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Grandparents are taking the lead when it comes to Spinal issues for babies in Australia.

Grandparents are taking the lead when it comes to Spinal issues for babies in Australia.

When it comes to newborns’ heath, new research shows that concerned grandparents are taking the lead, with 85% expecting their state and territory governments to include a test for SMA (Spinal Muscular Atrophy) , as part of newborn screening immediately.

Each state and territory is responsible for the conditions made available for babies born locally. However, right now, this equity of access does not exist: only babies born in NSW or the ACT are tested for SMA as part of an ongoing trial program, and only WA has committed to implementing a trial, despite the 2020 recommendation for all states and territories to implement SMA newborn screening.

Early detection of SMA via newborn screening is critical. The earlier babies are screened for SMA and gain access to treatment, the greater the chance to live a life, without severe disability or death. Affecting one in 10,000 children, SMA and causes extreme muscle weakness to the extent that key milestones — crawling, rolling, playing with toys — fly by unmet, with many babies not living to see their second birthday.  

The survey of Australian grandparents, parents, and expectant parents – commissioned in partnership by SMA Australia and the Genetic Support Network Victoria, and funded by Novartis Australia – found that:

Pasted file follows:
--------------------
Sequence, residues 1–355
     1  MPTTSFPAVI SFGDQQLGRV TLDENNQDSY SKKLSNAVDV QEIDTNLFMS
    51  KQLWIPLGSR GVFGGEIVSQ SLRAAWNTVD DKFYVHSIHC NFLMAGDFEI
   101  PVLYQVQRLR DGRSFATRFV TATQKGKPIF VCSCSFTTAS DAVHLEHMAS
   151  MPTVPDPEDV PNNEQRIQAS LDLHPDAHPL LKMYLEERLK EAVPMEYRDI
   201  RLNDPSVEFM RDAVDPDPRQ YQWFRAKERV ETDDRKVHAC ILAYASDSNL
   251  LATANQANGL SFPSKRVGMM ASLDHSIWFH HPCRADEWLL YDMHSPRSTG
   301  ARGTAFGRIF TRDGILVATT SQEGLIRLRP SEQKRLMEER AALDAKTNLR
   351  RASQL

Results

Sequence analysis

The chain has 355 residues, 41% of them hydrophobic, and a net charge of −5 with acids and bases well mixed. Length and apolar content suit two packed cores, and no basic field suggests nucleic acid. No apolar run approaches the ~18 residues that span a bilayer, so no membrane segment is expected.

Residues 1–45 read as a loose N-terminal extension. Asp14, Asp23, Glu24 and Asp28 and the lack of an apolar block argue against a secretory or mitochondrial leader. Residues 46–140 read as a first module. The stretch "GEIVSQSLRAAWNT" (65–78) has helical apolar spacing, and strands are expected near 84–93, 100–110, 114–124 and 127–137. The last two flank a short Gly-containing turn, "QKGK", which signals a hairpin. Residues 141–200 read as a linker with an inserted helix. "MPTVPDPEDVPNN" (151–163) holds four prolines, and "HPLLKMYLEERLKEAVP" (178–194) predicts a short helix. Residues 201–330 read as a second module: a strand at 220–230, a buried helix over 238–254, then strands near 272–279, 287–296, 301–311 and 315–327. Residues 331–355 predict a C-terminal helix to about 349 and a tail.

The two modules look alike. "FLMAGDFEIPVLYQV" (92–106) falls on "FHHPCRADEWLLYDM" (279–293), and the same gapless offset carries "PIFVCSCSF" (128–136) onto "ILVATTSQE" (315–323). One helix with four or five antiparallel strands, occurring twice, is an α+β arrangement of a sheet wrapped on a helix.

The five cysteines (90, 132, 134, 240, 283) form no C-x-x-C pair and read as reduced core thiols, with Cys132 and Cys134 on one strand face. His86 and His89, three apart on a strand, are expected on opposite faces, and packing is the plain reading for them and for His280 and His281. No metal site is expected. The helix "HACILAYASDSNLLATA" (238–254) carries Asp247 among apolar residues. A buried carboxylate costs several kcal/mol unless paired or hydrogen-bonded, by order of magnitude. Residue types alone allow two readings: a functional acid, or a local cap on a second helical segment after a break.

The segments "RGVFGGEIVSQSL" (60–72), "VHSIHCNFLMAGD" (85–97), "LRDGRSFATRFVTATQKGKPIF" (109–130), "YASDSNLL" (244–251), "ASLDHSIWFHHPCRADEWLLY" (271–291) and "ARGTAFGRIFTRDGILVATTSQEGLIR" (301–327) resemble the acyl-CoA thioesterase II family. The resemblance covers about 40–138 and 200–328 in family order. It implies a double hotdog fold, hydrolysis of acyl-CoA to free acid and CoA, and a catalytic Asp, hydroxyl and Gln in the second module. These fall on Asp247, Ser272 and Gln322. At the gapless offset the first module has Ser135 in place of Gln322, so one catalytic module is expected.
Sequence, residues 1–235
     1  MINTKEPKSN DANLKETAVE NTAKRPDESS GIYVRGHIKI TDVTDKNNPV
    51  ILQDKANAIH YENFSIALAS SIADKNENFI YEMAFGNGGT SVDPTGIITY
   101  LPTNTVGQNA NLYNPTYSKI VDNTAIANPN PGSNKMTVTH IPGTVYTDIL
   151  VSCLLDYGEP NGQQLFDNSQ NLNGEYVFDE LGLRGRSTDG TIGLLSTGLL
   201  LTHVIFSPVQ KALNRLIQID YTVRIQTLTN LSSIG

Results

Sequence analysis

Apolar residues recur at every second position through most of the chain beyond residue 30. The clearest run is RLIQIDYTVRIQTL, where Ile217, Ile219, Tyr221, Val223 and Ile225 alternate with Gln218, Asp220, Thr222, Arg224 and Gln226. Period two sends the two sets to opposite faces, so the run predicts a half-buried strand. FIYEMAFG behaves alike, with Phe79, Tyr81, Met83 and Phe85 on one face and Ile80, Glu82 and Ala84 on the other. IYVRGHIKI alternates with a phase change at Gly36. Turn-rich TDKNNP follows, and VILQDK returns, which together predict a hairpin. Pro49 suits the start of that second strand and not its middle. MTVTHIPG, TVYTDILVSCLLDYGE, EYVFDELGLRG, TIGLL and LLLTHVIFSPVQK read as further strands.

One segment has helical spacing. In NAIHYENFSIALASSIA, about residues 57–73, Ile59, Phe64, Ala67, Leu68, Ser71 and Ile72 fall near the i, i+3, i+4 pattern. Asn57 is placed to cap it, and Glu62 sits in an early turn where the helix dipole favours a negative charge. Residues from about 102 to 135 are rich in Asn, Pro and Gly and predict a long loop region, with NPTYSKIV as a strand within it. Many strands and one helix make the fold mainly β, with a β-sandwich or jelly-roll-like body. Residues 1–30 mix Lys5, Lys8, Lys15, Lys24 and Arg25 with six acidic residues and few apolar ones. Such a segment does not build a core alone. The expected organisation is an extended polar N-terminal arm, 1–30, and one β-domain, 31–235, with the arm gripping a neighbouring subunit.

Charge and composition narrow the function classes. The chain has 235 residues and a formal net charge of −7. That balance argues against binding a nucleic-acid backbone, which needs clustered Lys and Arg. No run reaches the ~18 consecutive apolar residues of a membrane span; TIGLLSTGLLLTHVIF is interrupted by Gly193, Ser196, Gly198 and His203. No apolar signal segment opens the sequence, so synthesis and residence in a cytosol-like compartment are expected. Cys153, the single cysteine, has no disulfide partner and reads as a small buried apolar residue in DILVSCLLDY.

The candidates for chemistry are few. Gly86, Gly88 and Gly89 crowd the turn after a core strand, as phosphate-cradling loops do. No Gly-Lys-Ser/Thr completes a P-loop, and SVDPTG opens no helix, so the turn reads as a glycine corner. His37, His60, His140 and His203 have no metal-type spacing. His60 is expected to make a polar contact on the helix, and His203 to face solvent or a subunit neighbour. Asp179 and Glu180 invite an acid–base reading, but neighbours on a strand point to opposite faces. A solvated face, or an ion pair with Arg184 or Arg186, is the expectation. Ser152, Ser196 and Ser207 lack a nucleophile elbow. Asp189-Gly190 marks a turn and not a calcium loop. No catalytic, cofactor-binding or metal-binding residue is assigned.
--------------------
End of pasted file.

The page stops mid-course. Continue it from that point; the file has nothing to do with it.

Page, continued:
·       Almost all (96%) of grandparents list positive health outcomes as the most important hope they have for their children/grandchildren, compared to 61% of parents and 67% of expectant parents.iv 

·       91% of grandparents believe newborn screening is a critical way of helping parents make informed health choices, compared to 83% of parents and expectant parents.v 

·       92% of grandparents support access to newborn screening for all children born in Australia, compared to 84% of parents and 83% of expectant parents.vi 

·       78% of grandparents believe Australia’s newborn screening program should include a test for the leading cause of genetic death in children, compared to 72% of parents and 69% of expectant parents.vii  

Including a test for SMA as part of the newborn screening program has the potential to save the lives of 150 children in Australia over 5 years. Funding a test that costs approximately $10 per test is likely to identify 150 cases and save $3,197 million in health system costs alone, over 5 years. This represents a $2.18 return on every dollar spent.viii 

To ensure that all children are given the best chance of living a good quality life, SMA Australia and the Genetic Support Network Victoria are calling on the state and territory governments to act quickly to include a test for SMA in their NBS programs.